by Bodwyn Wook
THE Role of the national constitution as evolved in the old Atlantic West is to constrain government and debar it from any activity harmful to the natural rights of the governed. It is to protect individuals as citizens from all that is inimical on the part of state in any form to their daily saltations & gambits as free men and women. The constitutional above all is to control the statistical fact of the halfwits who tend to surface in large-order state set-ups. They, and the bullying subset, are probably virtual constants in these same large-order populations.
TO Keep them, the moral midgets, low & thwarted as to possession of any public authority is the implicit task of the constitutional, and this is so in all cases.
TO Revert to earlier rounds, one is still revolving ones thoughts on the question of a desirable vagueness and uncertainty in constitutional provisions, when once the basic natural rights of the social creature are consented.
LAST Week an English libertarian, as a sop to us Yanks one must suppose, stipulated as a proviso — “amendment” they would say here — to any new written-down English constitution that things in it couldn’t be changed by later governments. One necessarily views this, too, with some dubiety of feeling. It is because even after the American Civil War, there is still no statement as such in the Constitution of the United States that a state or portion cannot — “may” not — leave the federal union. And of course, for sake of Liberty, that is a jolly good thing.
THE Story of our American “Bill of Rights” is perhaps instructive:
It was the distant captiousness of a class-ridden la-di-dah central government that, nonetheless, was trying intermittently to be reasonable that eventuated in the first written constitution of a sovereign electoral state. (How different affairs might have gone in negotiation had there been a faster mode of travel than by sail!) In any case, the American “bill of rights” was a sop also, to appease an essentially class-directed and alreadysectional haggle here as between Federalists and so-called Republicans of the time. It was an alarmed response in part to stave off, as some hoped, the fatal emergence of parties. Others felt as a philosophical matter that “rights” are as numerous as citizens, or indeed individuals. A specific summary of these as then popularly construed (there is no provision for privacy, you know!) was meant as a hedge against the greater federal power sought by such bravoes as Alexander Hamilton and other strivers after an illegitimate and stupid, piss-drinking, nationalism. Then, straightaway, President Madison backed his jeffersonian over-large backside into the buzz-saw need for strong federal government because of the emergency in supplies in the (not necessary) War of 1812….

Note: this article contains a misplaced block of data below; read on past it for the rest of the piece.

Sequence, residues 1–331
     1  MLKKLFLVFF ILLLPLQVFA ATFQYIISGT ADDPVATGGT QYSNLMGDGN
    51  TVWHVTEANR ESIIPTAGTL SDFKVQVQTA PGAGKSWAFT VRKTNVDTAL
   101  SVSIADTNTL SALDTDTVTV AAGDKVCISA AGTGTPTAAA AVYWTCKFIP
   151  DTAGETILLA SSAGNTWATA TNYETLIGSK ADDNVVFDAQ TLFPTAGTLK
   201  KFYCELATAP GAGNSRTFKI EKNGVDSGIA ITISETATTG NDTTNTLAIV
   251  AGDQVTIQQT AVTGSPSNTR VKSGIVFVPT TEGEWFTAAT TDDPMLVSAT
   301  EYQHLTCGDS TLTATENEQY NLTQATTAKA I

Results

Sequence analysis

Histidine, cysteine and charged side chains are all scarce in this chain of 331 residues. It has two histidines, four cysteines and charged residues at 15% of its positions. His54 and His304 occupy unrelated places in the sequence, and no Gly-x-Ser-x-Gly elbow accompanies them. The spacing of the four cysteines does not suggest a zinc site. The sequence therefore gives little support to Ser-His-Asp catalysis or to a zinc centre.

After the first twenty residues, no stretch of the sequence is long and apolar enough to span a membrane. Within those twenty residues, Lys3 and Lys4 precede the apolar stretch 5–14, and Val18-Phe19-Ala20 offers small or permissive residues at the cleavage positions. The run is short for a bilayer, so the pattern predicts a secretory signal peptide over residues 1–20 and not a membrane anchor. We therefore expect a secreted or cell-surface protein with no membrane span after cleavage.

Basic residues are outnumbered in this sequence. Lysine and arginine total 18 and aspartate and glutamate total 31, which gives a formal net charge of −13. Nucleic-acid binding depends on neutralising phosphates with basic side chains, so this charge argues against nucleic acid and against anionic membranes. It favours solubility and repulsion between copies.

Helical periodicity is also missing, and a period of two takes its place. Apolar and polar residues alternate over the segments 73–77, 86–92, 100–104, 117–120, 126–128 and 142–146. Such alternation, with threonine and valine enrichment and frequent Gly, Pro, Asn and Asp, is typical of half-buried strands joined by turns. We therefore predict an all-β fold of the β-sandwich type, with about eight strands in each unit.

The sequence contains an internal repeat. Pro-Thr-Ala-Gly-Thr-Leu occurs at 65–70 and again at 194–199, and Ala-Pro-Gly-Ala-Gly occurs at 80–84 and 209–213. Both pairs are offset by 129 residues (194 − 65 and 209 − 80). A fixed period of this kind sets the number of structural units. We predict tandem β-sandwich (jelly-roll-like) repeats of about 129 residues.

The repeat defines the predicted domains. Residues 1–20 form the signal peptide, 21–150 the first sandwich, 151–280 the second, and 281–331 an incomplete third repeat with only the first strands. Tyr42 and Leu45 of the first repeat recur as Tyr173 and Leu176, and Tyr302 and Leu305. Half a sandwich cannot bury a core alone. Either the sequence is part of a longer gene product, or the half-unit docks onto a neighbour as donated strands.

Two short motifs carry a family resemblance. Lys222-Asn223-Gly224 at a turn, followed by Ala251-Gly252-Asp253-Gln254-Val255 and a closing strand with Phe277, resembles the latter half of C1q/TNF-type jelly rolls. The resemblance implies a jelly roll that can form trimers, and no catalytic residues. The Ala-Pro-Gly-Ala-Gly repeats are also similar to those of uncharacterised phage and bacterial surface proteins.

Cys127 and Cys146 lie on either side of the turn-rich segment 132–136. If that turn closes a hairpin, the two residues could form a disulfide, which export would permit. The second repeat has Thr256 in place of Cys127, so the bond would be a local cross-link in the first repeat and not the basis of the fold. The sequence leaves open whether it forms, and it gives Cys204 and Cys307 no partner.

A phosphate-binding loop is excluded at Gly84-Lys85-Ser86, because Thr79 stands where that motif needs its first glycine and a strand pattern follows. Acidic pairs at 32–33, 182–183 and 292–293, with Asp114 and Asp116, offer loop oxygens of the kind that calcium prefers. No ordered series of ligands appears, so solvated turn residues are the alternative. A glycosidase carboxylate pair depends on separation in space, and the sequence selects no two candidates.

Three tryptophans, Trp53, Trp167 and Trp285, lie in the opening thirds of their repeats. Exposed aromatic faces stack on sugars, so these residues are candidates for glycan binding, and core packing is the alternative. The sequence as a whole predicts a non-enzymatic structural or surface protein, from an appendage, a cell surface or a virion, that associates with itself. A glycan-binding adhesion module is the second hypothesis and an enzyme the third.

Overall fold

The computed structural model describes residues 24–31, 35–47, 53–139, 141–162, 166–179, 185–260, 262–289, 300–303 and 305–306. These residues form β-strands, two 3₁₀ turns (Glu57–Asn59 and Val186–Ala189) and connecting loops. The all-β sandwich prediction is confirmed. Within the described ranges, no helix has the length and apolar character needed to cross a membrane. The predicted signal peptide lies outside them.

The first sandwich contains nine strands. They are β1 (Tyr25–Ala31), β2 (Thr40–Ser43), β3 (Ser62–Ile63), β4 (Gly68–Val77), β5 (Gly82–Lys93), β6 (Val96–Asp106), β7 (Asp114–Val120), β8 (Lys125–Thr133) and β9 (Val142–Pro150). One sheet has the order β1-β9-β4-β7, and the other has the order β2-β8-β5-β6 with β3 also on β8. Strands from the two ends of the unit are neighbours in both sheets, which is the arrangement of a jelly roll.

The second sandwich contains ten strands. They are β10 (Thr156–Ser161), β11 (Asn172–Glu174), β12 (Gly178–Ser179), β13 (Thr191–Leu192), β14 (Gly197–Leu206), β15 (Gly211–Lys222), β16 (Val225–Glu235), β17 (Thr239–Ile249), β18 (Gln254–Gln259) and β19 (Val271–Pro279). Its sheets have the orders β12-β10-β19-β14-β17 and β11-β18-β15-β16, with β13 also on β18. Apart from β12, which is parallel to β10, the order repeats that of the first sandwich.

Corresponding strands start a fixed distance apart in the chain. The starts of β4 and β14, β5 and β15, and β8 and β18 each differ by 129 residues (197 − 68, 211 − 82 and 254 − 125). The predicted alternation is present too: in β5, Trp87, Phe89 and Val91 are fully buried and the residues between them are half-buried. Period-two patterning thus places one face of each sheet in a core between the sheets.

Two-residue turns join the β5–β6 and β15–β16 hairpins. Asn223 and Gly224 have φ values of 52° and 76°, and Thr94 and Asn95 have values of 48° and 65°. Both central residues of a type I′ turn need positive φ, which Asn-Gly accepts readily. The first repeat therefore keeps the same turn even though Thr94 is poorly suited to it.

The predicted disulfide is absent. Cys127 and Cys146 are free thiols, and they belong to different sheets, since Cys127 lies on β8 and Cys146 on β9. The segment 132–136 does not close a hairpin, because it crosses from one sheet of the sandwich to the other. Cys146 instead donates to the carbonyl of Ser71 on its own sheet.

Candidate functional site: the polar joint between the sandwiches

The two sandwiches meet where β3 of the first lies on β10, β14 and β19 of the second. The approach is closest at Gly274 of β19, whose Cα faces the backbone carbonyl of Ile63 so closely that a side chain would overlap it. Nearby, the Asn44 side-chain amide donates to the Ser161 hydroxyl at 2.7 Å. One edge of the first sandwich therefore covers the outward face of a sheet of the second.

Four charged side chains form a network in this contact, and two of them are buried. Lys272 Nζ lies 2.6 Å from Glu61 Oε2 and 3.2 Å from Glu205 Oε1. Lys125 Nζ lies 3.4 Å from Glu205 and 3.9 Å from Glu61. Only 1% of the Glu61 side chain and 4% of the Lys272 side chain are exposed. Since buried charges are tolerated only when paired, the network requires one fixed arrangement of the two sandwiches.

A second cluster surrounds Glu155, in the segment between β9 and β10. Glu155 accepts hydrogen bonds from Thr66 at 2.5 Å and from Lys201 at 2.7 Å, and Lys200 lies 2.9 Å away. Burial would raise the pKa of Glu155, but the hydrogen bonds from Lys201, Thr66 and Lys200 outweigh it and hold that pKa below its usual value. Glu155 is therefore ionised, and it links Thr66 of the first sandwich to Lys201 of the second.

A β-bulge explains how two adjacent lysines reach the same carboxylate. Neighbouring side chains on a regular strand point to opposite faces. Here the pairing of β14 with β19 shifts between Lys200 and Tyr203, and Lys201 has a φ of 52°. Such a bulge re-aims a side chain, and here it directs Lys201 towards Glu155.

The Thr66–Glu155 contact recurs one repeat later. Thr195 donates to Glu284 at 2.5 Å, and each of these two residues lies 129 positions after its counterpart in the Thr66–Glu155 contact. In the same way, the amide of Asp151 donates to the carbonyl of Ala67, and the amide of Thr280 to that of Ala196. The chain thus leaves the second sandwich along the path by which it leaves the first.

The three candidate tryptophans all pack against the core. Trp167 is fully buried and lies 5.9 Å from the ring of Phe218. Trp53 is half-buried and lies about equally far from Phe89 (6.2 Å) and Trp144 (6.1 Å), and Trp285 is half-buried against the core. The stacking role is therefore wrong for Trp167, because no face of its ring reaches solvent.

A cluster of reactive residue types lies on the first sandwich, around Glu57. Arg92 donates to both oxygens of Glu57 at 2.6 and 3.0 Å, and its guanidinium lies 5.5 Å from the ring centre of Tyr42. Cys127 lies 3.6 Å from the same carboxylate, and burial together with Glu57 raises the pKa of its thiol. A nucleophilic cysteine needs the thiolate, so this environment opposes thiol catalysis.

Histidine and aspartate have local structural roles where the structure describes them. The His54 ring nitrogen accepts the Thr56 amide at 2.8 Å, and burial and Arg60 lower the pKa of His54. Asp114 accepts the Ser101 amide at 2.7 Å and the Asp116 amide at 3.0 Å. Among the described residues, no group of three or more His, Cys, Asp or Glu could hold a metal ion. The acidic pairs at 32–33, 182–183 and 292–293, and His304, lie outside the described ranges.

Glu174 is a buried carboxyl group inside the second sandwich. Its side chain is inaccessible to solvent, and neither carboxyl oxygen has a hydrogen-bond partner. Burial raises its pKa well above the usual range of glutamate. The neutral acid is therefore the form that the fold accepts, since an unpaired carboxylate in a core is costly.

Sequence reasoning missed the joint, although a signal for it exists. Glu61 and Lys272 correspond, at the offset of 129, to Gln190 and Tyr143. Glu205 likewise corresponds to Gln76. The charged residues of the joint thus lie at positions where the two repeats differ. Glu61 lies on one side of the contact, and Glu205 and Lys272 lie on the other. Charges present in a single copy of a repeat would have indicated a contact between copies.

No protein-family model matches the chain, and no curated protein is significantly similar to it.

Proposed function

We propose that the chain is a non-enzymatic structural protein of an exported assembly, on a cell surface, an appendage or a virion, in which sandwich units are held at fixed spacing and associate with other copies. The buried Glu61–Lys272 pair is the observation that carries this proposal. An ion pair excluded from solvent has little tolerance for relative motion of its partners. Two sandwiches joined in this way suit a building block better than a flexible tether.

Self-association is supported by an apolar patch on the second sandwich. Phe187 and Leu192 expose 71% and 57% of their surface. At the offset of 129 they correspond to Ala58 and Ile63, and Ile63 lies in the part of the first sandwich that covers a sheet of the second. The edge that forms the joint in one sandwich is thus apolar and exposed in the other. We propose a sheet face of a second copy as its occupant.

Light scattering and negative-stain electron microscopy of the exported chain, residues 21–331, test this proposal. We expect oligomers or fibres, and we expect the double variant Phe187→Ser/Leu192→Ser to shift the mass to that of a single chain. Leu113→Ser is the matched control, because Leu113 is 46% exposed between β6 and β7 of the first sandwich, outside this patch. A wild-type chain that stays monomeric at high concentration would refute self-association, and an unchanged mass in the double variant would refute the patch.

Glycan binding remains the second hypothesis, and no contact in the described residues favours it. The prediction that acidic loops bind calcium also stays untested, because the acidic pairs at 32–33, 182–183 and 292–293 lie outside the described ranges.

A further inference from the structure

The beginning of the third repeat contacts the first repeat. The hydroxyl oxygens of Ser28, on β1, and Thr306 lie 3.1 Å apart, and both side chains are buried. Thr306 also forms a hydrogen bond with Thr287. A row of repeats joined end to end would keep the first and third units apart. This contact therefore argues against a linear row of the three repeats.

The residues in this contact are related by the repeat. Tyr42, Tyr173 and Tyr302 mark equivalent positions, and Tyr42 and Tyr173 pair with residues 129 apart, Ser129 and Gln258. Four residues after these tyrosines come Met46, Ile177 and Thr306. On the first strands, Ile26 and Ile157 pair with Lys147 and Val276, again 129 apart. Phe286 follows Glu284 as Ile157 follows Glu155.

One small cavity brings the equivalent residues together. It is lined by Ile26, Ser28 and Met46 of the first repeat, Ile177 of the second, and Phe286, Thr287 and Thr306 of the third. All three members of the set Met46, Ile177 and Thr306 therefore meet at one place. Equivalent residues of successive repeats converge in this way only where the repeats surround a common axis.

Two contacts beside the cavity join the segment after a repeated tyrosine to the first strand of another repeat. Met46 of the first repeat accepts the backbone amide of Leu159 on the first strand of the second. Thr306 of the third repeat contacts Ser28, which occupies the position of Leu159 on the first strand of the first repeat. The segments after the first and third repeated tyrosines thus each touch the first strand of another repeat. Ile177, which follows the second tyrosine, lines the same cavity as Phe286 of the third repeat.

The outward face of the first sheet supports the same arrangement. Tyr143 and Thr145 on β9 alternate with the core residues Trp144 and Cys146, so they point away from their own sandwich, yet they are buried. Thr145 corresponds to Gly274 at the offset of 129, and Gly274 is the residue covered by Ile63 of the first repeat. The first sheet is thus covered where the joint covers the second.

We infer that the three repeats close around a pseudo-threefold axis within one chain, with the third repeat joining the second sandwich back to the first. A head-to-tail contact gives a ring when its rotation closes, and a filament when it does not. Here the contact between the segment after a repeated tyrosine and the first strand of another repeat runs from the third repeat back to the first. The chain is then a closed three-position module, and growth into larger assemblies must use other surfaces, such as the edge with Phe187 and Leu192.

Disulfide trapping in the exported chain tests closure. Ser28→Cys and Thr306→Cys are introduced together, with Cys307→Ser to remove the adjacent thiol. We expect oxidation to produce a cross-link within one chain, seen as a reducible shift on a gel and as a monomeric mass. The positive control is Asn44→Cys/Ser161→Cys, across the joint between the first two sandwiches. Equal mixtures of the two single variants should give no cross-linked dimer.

Now, rather incidentally, people are calling in some quarters — rather ephemerally it does seem to me — for a ‘technological bill of rights’:
By extension, some in the Libertarian Party of the United Kingdom are saying these matters should be included as the LPUK draughts a written English constitution.
One is not at all certain of the analogy between this bill of goods, and electronic machinery and gizmoes; and so, it may be oddly enough, here one finds oneself backing in the direction once again of the more general: it is an excellent example of the meaning in it, when one says one must not be too “principled” in principle, in — constitution-making!
Why did not this all come up in the Age of Steam or something? After all, that technological phase put pressures of all sorts on Liberty in its day, too. It is probably all a bit overwrought, whereas an addition to the English (& US) constitution, on privacy as a right, might just do.
[Bodwyn Wook all rights reserved 19 May 2009]